Sticker Shock May Drive Consumers to Used Cars

The average transaction price of a new car or light truck was $36,733 in March 2019, up 2.3% from a year earlier.1 New 2020 models will hit showrooms in August and September, and it’s probably safe to say they won’t be less expensive.

If cost were not a concern, most people might prefer a new car for a variety of reasons: the most recent technology and fuel-efficiency standards, choice of color and features, no wear and tear, a manufacturer’s warranty, and that new car smell. But a quality used vehicle can be an appealing, cost-effective option. Here are three trends that could make 2019 a good year to buy a used car, especially a three-year-old vehicle.

Record lease returns. Leases reached a record 4.3 million in 2016, which was also the first year that leases for popular sport utility vehicles exceeded leases for other cars. Most of these vehicles are scheduled to be returned in 2019, flooding the market with quality three-year-old vehicles — and many 2016 models include newer technology and fuel efficiency.2 Leased vehicles are typically in good condition because leaseholders must maintain the vehicle and limit mileage in order to avoid additional charges.


Growing price differential. The price gap between new and three-year-old vehicles increased 20% between 2013 and 2018, from $11,398 to $13,705.3 The gap may be even wider in 2019 due to the large number of lease returns.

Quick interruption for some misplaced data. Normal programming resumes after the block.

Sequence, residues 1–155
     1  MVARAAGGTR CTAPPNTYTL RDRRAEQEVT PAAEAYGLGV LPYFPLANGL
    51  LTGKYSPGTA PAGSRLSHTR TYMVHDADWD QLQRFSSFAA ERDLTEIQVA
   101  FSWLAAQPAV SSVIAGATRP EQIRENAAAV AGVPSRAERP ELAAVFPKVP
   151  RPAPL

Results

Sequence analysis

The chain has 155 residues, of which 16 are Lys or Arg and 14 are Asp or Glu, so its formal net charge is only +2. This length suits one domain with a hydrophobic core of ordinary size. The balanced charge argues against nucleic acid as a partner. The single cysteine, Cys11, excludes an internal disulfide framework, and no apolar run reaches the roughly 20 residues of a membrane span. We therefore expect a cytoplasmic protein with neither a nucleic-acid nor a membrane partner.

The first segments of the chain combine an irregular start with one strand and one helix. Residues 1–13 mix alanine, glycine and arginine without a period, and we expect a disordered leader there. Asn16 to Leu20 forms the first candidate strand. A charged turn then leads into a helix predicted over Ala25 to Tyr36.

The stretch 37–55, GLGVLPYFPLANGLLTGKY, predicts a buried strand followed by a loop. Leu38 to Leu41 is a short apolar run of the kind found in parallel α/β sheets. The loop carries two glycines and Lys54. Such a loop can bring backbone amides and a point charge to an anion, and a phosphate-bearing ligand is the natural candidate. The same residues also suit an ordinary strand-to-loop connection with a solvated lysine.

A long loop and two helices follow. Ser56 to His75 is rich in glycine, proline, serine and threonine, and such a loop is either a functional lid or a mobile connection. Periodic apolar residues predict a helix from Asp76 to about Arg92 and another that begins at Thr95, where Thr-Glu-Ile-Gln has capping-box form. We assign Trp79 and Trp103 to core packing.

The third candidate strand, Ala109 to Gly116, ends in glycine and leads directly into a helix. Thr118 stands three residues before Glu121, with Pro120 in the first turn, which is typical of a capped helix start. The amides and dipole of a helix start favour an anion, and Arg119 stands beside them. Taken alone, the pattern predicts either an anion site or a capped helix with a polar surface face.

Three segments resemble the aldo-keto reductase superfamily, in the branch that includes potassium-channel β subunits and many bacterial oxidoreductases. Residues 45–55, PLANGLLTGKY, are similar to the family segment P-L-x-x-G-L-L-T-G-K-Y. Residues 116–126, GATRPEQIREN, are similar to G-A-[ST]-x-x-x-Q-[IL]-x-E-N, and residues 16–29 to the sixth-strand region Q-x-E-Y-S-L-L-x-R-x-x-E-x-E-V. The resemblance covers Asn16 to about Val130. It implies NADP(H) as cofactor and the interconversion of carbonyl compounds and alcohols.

Tighter interest spreads. Until recently, the low-interest-rate environment enabled manufacturers to offer subsidized finance programs on new cars with very generous terms, including 0% interest rates. That has changed as rates in general have risen, and the spread between rates for loans on new and used vehicles narrowed to just 2.7% in 2018, with an average rate of 5.7% for new cars and 8.4% for used cars. By comparison, the spread was 4.0% as recently as 2012.4

Interest rates continued to rise in early 2019, but consumers with excellent credit ratings can still find lower rates, including some 0% offers on new cars. Lenders are offering longer loan periods to help keep payments down, but bear in mind that longer periods equate to higher total interest over the life of the loan.5

Certified Pre-Owned Vehicles

The term “certified pre-owned” (CPO) may sound like a fancy name for a used car, but these vehicles can be appealing if you don’t want to pay new car prices. A CPO vehicle goes through a comprehensive inspection and maintenance process and comes with a factory-backed limited warranty and other benefits, such as roadside assistance and access to loaner cars. Some CPO vehicles may even include routine maintenance for a limited period.

A CPO vehicle will generally be more expensive than a similar non-certified used vehicle, but the additional expense may be worthwhile for added confidence in the quality and reliability of the vehicle. Dealers may also offer better loan terms on a CPO vehicle. A factory CPO vehicle can be offered only by a franchise dealer of the original manufacturer. Other dealers may call vehicles “certified” that have gone through an inspection and maintenance and come with a third-party warranty.